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How Do Social Security Benefits Work?
Bottom Line Up Front
- Throughout your entire working life, you will pay a percentage of your gross wage income to the Social Security tax, also known as the Old-Age, Survivors, and Disability Insurance (OASDI) tax.
- As you work and pay into Social Security, you will accumulate an earnings record which will help determine your Social Security benefit when you retire or become unable to work.
- The benefit amount you receive is based on your 35 highest-earning years (these need not be consecutive) and your average indexed monthly earnings (AIME).
Social Security provides benefits to retirees and those unable to work due to disability or disease. This program, which serves as a financial safety net for many people, is funded with gross wage income withheld from each eligible person’s paycheck.
Essentially while you’re employed, you’ll pay into Social Security and when you retire or become unable to work, that’s when you’ll receive the benefits.
How Does Social Security Work?
Throughout your working life, you’ll pay 6.2% of your gross wage income from each paycheck and so will your employer(s). That’s a total of 12.4% towards your social security. If you’re self-employed, you must pay the full 12.4% yourself.
So 12.4% of My Life’s Pay Goes Towards Social Security?
Not entirely because it depends on your income. Any wage income below the Social Security Wage Base* after qualified insurance and reimbursement account is subject to the 12.4% tax. Any income you earn beyond the Social Security wage base cap amount is not subject to the tax.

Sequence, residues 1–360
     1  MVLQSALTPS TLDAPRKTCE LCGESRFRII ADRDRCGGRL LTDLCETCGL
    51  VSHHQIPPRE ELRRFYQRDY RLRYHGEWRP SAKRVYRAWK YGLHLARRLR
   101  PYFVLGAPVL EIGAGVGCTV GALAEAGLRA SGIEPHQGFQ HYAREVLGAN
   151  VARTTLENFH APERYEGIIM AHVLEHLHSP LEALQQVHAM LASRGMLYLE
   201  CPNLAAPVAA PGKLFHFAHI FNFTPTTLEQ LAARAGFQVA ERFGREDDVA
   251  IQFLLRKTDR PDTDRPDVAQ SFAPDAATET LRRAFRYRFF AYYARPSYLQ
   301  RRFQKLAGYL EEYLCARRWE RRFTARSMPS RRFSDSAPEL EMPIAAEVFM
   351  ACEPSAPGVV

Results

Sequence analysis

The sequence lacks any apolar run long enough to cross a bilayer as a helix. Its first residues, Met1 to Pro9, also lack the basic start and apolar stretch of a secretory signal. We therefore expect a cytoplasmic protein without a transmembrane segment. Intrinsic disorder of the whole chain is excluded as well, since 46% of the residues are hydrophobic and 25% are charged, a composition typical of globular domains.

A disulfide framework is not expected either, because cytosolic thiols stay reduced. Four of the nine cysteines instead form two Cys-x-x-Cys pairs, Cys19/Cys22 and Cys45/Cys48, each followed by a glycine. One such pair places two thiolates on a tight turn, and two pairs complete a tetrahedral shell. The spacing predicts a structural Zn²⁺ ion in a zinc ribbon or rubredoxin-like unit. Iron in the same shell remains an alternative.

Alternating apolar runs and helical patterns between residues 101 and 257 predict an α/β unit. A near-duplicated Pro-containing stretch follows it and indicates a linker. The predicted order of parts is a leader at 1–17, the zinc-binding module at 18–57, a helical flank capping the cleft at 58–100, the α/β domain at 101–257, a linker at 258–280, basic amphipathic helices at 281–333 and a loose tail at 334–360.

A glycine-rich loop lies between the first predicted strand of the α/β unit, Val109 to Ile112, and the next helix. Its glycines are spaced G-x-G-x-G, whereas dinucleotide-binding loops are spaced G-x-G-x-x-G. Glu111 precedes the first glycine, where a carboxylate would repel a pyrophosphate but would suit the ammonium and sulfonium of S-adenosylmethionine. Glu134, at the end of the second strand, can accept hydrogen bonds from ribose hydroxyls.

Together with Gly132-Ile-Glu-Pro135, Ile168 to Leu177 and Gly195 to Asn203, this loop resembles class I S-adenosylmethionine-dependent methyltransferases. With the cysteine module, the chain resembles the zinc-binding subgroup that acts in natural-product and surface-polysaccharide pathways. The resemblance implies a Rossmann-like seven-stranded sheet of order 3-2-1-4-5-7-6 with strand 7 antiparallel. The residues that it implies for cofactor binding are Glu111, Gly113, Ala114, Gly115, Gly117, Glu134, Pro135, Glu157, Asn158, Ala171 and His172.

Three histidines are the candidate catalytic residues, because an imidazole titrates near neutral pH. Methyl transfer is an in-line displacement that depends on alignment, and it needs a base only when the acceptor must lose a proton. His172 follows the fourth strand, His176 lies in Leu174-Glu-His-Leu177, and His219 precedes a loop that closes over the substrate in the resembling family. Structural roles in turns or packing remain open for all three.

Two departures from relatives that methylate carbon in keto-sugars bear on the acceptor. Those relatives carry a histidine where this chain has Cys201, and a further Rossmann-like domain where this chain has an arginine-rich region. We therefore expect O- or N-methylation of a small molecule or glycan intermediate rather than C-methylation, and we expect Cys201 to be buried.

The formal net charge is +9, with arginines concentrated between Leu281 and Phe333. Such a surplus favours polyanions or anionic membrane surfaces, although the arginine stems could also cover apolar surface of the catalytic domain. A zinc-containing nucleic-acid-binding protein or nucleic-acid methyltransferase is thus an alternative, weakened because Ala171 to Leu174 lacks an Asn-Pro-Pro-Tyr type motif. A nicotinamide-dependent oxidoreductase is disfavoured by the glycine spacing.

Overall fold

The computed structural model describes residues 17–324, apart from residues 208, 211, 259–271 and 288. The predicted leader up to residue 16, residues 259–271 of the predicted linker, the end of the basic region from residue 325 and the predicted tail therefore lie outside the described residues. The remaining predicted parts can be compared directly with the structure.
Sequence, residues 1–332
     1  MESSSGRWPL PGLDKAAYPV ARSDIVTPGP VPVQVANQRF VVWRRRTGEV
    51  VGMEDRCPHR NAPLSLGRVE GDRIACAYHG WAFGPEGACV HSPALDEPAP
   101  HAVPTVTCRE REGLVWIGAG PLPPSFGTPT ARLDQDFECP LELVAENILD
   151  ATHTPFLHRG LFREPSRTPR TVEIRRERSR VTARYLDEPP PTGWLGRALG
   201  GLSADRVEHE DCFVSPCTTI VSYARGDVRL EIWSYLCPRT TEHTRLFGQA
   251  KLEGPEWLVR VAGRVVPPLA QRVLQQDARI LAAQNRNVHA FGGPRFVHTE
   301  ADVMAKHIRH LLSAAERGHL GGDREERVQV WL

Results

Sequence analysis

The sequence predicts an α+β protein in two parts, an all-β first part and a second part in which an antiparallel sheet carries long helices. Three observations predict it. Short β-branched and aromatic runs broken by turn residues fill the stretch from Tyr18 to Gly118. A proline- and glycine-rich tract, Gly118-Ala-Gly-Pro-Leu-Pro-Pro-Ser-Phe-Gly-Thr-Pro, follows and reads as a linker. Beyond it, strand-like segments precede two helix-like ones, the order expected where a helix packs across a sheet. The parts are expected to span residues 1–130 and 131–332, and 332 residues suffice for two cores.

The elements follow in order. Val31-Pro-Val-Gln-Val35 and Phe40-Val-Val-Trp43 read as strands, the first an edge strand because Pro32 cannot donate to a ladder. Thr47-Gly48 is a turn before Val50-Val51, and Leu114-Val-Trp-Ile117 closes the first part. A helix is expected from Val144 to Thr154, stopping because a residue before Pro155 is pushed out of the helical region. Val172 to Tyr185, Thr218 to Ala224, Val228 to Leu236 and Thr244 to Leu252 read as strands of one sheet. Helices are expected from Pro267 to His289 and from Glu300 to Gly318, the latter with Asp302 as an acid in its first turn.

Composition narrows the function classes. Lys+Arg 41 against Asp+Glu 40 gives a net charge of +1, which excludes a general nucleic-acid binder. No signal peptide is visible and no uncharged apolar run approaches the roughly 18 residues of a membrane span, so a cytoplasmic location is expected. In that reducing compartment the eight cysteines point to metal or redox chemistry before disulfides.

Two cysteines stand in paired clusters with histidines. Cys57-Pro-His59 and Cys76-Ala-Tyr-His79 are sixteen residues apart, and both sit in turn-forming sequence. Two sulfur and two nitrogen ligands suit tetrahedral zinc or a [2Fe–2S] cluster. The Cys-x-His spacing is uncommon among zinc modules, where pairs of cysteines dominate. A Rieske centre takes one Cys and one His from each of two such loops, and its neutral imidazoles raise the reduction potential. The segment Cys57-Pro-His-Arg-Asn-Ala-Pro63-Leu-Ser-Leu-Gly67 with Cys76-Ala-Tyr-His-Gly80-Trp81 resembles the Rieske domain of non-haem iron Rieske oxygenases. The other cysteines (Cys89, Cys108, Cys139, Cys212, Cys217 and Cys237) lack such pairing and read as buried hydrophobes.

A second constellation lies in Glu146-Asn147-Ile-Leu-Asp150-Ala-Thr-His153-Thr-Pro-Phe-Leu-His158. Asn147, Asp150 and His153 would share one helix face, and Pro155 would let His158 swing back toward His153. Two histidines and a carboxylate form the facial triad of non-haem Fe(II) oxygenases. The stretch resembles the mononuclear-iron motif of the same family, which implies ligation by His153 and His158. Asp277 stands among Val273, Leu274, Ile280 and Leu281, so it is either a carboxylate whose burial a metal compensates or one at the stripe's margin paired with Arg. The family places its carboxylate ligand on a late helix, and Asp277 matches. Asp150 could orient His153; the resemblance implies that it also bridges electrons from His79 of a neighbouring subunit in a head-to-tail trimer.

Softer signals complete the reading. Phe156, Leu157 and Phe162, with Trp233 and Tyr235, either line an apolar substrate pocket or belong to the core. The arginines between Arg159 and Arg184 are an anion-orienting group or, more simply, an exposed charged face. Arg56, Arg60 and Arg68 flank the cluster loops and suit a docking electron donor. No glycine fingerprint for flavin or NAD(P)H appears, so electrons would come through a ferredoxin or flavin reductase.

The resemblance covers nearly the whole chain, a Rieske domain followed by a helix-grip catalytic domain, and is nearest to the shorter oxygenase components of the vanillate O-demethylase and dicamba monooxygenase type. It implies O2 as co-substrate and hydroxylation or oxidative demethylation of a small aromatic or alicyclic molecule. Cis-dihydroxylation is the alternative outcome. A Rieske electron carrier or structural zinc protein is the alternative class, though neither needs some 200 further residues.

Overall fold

*This figure is subject to inflation-based increases on an annual basis. For FY 2021, it was $142,800 and $147,000 for FY 2022.
How are Social Security Benefits Calculated?
As you work, you accumulate what’s known as an earnings record (sometimes referred to as a work record). The Social Security Administration (SSA) will use your earnings record to calculate your monthly benefit when you reach what’s called the “Normal Retirement Age” (NRA).
The first step when calculating your benefit is to “index” each earnings year and then take your highest 35 years (these need not be consecutive) of working and produce what’s called your “Average Indexed Monthly Earnings” (AIME). To do this, add together all of your 35 highest-paid years and then divide that number by 420 (35 years x 12 months).
The second step is to determine your Primary Insurance Amount (PIA). PIA is the monthly benefit that you’ll receive from Social Security if you claim your benefits at your Normal Retirement Age. That age is 66 years old for anyone born in 1943-1954 and gradually increases to 67 years old for people born in 1960 or later.
Here’s how your PIA is determined with figures for 2022:
- 90 cents of every dollar for the first $1,024 of your AIME
- 32 cents of every dollar of your AIME between $1,024 and $6,172